What a sad and moving story you have, and you’re very brave to put it out there. I hope writing it has given you some catharsis.
I’ve never written in memoir, but I have read some guidance about it over the years and understand it needs to be treated in a similar way to a novel. It may be a true story, but it still needs the narrative drive and structure to pull the reader in and make them want to know what happens. It needs the highs and the lows and the hooks.
In a novel it’s often normal in the first draft to include a lot of scaffolding. Information that the writer needs to know about the story, but not the reader. It’s different in momoir, because you already know you’re story, but I wonder if you’re doing a similar thing here. You’re taking the plunge, getting the grief out up front, but in doing that you’re telling me exactly what happens in you’re story. This chapter is a kind of synopsis, and if I know what’s going to happen, you’re taking away a big incentive to read on.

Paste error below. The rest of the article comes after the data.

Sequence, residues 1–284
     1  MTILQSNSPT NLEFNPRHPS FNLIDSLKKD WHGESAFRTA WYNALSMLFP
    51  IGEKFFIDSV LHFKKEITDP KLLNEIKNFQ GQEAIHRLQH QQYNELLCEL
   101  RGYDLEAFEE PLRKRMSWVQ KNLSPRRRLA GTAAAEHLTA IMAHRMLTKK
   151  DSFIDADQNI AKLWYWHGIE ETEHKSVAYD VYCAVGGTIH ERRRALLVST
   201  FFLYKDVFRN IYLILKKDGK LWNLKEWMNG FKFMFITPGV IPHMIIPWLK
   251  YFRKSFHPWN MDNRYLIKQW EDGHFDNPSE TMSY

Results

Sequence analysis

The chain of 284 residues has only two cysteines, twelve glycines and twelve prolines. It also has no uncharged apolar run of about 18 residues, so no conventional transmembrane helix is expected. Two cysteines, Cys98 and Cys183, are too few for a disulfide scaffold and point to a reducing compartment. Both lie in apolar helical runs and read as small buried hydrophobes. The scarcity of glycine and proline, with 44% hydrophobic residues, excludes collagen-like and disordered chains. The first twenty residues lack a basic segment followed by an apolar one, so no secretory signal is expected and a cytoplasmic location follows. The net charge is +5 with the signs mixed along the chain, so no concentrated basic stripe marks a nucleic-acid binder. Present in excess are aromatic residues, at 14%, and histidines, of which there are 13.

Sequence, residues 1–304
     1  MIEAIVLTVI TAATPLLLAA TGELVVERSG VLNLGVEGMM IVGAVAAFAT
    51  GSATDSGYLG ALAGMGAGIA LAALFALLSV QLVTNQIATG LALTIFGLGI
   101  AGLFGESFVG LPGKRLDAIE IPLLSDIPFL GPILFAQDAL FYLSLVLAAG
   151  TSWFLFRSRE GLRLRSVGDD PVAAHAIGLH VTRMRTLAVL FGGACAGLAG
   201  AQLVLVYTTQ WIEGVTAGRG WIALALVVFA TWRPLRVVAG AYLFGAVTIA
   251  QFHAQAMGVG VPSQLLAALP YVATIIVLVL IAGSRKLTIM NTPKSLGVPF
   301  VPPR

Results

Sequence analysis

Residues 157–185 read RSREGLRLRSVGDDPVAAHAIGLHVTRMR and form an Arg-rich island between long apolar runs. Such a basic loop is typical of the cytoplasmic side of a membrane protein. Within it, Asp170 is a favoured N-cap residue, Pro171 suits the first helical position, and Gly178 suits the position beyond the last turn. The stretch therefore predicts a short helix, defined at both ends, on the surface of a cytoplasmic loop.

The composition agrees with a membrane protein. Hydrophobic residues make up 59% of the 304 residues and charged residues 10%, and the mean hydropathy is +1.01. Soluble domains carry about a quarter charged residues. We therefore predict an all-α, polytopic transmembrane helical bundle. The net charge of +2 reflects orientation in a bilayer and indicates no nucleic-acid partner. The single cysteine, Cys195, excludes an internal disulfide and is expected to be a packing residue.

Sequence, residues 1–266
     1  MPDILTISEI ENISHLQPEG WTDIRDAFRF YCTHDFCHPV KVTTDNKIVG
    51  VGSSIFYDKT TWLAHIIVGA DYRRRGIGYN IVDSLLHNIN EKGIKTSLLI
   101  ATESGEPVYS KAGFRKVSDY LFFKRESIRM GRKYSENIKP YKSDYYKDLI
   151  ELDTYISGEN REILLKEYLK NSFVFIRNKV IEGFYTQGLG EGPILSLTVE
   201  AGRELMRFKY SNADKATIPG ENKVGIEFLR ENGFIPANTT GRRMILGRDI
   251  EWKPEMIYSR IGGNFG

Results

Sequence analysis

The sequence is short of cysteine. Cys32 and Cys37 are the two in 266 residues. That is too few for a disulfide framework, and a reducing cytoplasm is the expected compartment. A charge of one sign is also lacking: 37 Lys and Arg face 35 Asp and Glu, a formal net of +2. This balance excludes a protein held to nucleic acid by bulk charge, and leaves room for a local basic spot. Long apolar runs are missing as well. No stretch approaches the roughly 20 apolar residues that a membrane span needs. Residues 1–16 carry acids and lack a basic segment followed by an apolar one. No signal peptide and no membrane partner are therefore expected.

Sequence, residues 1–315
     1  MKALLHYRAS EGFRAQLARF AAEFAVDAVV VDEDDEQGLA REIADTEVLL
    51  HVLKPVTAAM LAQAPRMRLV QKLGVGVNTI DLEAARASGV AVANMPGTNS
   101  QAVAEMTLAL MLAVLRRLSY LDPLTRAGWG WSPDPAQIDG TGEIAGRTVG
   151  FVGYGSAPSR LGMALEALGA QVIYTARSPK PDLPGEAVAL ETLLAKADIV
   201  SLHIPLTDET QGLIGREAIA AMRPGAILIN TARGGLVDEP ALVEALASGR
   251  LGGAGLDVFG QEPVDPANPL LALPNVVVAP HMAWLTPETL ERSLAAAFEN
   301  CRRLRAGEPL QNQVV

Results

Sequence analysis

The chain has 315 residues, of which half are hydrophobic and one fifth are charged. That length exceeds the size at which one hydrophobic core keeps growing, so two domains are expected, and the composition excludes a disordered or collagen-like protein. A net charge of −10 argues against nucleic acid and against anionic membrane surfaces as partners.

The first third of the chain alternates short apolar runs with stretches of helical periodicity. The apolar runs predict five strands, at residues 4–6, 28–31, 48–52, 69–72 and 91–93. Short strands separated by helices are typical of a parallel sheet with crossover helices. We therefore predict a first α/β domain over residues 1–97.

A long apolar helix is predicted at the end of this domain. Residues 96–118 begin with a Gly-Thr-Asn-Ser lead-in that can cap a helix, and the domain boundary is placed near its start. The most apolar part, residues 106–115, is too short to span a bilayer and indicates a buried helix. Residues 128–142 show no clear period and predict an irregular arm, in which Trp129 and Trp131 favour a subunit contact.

The other thing you’re doing is telling us rather than showing. For us to invest in your story you need to allow us to connect to you. Show us your first meeting with Richard, with all the excitement and raw emotion you would have experienced. Let us understand why a fourteen year old girl fell in love with a man ten years older. In doing that you’ll allow the reader to fall in love with him a little too, and then we’ll want to know what happens.
I’m thinking that perhaps you don’t need this chapter, and if you look at chapter 2 you may find that is where the story starts.
I hope that is helpful, but it is only my opinion, so use what works for you and ignore the rest. And good luck with this. It sounds like an emotive memoir.